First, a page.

Review: Soundgarden at Red Rocks, 7/18/11
With turrets of light bathing the stage in purple, the opening strains of "Searching With My Good Eye Closed" set the stage perfectly for the entrance of Soundgarden. It certainly felt like these guys believed in their music again, and as one of the band's best (and signature) songs came to a close, bassist Ben Shepherd held his instrument aloft while still laying down the deep grooves that are an often-overlooked element of the band's music.
Aaron Thackeray Chris Cornell's "Jesus Christ Pose."
Chris Cornell regularly engaged the audience with gracious and intentionally silly banter, including one part of the show where he got the crowd to scream so that he could hear the sound amplifying off the walls to the stage, commenting that it was trippy. "Jesus Christ Pose" seemed even more harrowing and scary-sounding than the original -- which seemed almost like a noise rock track on Badmotorfinger.
Aaron Thackeray Kim Thayil of Soundgarden
Thayil's guitar throughout seemed to have the ability to sear through in the upper registers while simultaneously ripping through the low end. Pretty much every song most fans of Soundgarden ever wanted to hear found a place in the 23-song set. And as the show went on, it seemed as though the guys were feeding off the energy of a crowd, who was very much into the show and seemed to know the words to every song, so much so that Cornell often held his mike to the audience during choruses.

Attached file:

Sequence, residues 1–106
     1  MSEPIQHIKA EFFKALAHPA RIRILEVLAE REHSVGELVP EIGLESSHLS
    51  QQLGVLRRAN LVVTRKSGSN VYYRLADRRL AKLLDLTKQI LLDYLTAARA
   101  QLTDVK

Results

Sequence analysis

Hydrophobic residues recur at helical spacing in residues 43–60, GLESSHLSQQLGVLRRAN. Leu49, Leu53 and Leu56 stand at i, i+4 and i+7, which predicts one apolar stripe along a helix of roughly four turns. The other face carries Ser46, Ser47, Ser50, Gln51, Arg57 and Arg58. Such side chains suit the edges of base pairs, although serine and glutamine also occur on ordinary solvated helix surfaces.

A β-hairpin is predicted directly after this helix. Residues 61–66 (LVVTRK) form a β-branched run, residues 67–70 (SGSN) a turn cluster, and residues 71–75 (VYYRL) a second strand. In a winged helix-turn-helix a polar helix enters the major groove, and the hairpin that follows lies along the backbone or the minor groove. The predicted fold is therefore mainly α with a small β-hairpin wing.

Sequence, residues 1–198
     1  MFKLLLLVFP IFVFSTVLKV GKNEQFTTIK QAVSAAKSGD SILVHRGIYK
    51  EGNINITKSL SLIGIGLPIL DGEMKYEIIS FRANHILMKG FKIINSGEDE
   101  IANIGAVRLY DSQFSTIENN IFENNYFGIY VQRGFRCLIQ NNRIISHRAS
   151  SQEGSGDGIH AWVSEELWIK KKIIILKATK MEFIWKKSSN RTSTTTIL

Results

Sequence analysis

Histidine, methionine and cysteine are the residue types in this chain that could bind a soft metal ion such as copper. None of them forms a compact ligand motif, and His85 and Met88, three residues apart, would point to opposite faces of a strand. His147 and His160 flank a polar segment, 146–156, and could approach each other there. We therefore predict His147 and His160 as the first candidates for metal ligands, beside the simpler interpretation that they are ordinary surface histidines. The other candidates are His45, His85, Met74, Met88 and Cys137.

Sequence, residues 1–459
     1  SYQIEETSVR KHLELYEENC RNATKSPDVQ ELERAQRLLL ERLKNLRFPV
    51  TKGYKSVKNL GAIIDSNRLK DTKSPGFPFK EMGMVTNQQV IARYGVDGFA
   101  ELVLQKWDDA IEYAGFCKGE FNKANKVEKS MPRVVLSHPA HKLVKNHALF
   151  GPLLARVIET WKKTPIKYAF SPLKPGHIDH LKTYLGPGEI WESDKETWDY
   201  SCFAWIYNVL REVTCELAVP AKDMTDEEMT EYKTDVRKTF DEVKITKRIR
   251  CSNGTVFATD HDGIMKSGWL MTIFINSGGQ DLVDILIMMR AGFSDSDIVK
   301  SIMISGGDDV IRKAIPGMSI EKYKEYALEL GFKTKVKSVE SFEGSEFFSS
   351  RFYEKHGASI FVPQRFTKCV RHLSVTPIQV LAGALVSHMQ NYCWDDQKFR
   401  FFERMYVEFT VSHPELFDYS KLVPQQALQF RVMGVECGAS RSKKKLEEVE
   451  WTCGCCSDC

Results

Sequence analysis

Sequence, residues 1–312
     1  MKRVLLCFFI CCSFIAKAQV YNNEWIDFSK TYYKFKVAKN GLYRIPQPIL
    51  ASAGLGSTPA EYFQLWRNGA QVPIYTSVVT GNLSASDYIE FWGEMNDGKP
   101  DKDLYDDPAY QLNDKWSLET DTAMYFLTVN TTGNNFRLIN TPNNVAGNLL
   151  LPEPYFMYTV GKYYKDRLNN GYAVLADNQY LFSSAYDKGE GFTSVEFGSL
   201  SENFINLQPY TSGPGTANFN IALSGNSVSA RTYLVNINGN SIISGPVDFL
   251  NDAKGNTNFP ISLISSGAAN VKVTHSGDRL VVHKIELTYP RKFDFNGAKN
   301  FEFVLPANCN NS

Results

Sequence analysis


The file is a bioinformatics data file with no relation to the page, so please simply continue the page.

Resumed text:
Before performing "Big Dumb Sex," Cornell said the band had written to song to "make fun of the some of the same people who ended up liking it." Hilarious and true. Cameron's drum intro on "Rusty Cage" was so ferocious and heavy, it was almost hard to believe we were getting to see something like that -- and even more so when the whole band joined in. "Nothing To Say" was as impressively heavy as ever, and Soundgarden didn't skimp on the early material as the main set ended with the noisy and distorted "Beyond the Wheel."
Kicking off its encore with "Hunted Down," another early track, the band seemed to be very in-the-moment through to the end of its closing number, a frenzied and warped rendition of "Slaves and Bulldozers," which made the studio version seem tame by comparison with Thayil and Shepherd making a razory cacophony and drone to end the show with an incandescent sonic glow. Hopefully these guys realize this show felt like something special.
Click through for review of the Mars Volta, setlist and Critic's Notebook.